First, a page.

By NEIL HARTNELL
Tribune Business Editor
Bahamas Power & Light (BPL) will move “aggressively” to return its Clifton Pier power plant to 80 per cent capacity by summer 2019, in a bid to relieve consumers from increased fuel costs.
Whitney Heastie, the state-owned utility’s chief executive, told Tribune Business that its primary generation station is currently producing just 37-44 percent of its potential 135 Mega Watt (MW) output from units still in their “useful life”.
This has left BPL in an ‘upside down’ position, where it is having to consistently run the 180 MW Blue Hills plant at or near capacity to cope with New Providence’s peak summer demand of 240 MW.
And, with Blue Hills operating off more expensive diesel fuel, Mr Heastie conceded that fuel costs - which are 100 percent passed through to BPL customers in their electricity bills - have been “negatively impacted”.
With electricity bills higher-than-normal in the already-expensive summer months, the BPL chief said: “Today, we do have sufficient generation on the ground to safely, reliably provide power to New Providence.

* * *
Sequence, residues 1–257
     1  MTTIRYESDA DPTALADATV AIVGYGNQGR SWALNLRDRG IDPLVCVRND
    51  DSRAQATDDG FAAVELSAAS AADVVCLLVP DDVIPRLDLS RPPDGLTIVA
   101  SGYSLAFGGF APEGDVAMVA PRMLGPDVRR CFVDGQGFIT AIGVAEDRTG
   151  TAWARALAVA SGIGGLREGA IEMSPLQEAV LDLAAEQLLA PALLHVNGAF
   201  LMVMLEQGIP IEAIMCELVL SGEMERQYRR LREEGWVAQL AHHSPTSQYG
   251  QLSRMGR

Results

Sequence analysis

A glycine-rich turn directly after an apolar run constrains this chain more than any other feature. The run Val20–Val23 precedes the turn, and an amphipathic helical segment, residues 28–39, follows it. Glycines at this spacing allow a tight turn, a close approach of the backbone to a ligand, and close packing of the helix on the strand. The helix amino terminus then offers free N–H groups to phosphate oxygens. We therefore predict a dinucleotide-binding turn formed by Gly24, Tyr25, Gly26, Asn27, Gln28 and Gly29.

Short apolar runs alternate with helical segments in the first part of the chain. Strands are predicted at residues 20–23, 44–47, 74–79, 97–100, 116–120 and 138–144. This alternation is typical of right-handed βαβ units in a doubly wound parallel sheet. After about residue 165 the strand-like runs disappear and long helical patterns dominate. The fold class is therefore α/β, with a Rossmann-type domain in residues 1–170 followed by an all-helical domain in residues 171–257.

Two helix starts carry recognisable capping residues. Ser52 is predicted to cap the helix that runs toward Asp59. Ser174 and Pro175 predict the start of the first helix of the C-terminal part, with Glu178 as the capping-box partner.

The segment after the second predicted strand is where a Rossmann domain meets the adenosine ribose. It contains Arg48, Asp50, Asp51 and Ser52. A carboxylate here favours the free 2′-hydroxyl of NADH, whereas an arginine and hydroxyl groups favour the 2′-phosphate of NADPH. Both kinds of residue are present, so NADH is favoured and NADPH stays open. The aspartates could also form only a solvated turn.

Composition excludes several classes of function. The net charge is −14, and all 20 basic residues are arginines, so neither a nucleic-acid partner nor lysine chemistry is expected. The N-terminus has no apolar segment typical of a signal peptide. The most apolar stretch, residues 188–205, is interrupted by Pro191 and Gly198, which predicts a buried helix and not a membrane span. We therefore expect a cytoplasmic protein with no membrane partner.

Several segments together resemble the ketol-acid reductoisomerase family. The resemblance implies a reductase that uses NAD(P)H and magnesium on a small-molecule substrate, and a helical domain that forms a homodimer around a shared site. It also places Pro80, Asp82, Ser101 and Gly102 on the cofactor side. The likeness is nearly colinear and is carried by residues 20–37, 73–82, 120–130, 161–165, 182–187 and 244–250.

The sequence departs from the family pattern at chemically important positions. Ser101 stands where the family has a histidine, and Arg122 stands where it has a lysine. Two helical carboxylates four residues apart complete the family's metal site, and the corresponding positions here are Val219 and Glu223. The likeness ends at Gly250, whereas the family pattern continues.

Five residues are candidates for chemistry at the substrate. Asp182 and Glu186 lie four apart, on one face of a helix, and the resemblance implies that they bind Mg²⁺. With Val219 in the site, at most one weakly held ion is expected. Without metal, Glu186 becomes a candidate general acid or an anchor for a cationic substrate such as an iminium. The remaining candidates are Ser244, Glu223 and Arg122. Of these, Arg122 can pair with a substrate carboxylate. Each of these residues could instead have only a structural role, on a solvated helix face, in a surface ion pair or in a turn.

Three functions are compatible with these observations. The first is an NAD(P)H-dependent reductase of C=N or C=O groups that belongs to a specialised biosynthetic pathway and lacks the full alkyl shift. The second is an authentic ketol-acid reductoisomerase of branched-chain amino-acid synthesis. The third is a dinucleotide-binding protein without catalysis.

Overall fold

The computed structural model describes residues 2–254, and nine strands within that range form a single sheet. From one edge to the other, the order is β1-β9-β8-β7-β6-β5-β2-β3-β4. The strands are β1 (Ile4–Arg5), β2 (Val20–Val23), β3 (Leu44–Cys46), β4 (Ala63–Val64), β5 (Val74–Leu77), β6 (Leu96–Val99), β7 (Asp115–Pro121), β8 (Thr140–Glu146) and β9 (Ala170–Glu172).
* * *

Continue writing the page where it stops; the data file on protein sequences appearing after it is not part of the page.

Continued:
“The challenge we have is Clifton Pier is not performing the way it should be performing. The question is how we can go about getting the assets to where they can be, and performing at the level they should be.”
Mr Heastie added: “That’s an evaluation we’re undertaking right now. I certainly feel confident, based on my experience, that we can get Clifton Pier to put out 80 percent of its rated capacity on the ‘B’ and ‘C’ stations.
“At Clifton Pier today there’s about 135 MW of good assets available to us. Today we’re running between 50-60 MW on a good day. We’re running Blue Hills hard every day, especially at this time of year.”
Mr Heastie said BPL’s reliance on Blue Hills for almost three-quarters of its New Providence generation capacity meant that fuel consumption was split 70/30 in its favour, when this ratio should be the other way around to minimise costs to businesses and households.
“It really should be the other way around,” he confirmed to Tribune Business. “Clifton Pier should be the base, and Blue Hills the peak. We have to quickly turn that situation around.
“We’re going to work aggressively, and by next summer I anticipate we will have Clifton Pier back to 80 percent capacity. We’re putting plans in place to see if we can get there and be reliable.”